Many EU countries “advise” against all travel to China

Germany, Belgium and Luxembourg advise against all non-essential travel to China, as the country faces an unprecedented wave of coronavirus infections in three years.

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“We are currently advising against non-essential travel to China. The reason is the sharp rise in Covid infections and the overburdened health system in this country,” the German Foreign Ministry’s rapid response center said on Twitter.

“Luxembourg supports German travel advice and is currently advising against all non-essential travel to China,” the Grand Duchy’s foreign ministry announced in a statement late Saturday afternoon.

Even, he writes in Belgium: “Since December, China has experienced the largest wave of infections due to the end of the zero COVID policy. In view of the risk of hospital saturation and, therefore, the risk of not being able to quickly take care of in an emergency, non-essential travel remains not recommended for the time being.” The website of the Belgian Ministry of Foreign Affairs states.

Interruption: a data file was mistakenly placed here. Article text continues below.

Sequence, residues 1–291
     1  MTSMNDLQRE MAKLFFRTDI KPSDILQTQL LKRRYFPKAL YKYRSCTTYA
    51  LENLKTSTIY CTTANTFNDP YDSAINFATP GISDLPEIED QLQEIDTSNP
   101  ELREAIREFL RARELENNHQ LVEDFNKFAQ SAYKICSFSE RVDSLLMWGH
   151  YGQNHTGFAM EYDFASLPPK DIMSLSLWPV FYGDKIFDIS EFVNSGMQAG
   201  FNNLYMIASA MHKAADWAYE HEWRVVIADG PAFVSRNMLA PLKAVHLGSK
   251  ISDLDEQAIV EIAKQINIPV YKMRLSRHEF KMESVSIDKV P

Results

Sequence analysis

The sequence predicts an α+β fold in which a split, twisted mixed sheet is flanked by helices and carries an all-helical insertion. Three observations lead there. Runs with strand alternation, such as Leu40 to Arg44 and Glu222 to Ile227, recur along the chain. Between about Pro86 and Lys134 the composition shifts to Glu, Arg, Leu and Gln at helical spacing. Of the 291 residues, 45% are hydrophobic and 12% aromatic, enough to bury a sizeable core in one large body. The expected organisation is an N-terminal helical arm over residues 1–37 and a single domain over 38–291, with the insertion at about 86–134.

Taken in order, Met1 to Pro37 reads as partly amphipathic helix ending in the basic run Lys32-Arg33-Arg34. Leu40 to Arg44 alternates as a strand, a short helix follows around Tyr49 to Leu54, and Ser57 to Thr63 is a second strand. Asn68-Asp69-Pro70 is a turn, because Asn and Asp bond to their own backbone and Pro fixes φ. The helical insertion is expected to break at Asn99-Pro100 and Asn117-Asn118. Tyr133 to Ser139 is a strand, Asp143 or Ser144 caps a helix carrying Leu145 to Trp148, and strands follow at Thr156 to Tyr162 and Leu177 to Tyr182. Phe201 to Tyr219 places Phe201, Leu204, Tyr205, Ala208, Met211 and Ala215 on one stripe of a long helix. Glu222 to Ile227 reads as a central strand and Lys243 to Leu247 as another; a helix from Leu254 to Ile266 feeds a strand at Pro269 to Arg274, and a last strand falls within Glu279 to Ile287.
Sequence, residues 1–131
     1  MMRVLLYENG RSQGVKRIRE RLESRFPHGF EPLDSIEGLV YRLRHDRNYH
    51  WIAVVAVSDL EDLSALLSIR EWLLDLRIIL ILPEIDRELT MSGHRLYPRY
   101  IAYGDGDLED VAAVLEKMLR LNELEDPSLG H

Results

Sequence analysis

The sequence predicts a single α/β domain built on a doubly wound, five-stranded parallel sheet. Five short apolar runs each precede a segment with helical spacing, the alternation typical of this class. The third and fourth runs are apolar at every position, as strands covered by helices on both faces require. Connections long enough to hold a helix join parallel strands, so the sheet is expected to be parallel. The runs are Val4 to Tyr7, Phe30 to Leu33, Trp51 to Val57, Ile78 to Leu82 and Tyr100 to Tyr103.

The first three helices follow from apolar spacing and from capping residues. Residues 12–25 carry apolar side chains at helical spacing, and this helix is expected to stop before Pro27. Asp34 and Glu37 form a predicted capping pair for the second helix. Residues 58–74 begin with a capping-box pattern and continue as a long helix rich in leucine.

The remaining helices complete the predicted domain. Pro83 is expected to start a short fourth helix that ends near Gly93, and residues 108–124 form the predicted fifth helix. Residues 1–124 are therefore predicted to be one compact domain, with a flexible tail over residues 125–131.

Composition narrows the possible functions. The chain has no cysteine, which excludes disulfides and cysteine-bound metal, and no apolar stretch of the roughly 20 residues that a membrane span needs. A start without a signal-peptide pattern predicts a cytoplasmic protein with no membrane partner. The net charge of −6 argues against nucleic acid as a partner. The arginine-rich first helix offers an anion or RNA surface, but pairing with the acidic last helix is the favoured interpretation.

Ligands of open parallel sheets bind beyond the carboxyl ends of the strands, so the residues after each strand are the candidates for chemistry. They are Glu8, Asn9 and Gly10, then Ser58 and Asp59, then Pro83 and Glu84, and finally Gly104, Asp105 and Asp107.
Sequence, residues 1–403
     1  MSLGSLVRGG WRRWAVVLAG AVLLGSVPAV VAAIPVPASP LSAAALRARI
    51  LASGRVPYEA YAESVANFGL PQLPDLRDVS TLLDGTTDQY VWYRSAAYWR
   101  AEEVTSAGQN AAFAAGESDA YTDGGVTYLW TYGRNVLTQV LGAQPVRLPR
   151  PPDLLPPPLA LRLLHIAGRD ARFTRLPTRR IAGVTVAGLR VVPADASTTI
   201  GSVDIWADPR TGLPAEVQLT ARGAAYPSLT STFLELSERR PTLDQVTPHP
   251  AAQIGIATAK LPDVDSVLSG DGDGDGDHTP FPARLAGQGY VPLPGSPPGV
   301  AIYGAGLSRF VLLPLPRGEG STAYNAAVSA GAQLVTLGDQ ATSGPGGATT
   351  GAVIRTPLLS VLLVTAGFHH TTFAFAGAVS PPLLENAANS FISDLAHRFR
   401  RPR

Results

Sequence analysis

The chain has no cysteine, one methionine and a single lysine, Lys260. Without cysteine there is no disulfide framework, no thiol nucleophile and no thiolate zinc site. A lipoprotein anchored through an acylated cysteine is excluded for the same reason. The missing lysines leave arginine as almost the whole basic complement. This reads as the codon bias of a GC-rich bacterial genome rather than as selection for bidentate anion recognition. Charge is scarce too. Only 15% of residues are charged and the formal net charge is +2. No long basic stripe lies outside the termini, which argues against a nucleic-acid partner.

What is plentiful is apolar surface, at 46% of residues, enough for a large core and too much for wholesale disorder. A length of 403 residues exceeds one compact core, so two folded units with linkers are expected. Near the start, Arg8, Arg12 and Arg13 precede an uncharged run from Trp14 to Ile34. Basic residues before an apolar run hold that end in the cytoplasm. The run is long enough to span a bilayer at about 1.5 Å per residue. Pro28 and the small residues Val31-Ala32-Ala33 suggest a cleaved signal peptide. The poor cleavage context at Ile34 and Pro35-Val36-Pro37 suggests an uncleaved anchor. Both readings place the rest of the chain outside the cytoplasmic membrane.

China is facing an unprecedented wave of pollution for three years, and the European Union strongly encouraged this week its member states to impose the examination that is carried out in China, before the trip, in addition to complementing this system with “random tests” upon arrival in Europe. Soil.

As a precautionary measure, many countries including the US, Japan, France and Germany have already issued similar measures.

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Despite the rebound in pollution, Chinese authorities will end mandatory quarantine on arrival in China on Sunday and once again allow Chinese to travel abroad, after three years of frustration.

Beijing on Tuesday denounced the imposition of coronavirus tests by some countries, deeming them “unacceptable” and threatening “countermeasures”.

For its part, the World Health Organization (WHO) condemns Beijing’s controversial methods of counting Covid victims. Although Chinese hospitals are overcrowded and crematoriums are overcrowded, the authorities have reported very few COVID-19-related deaths.

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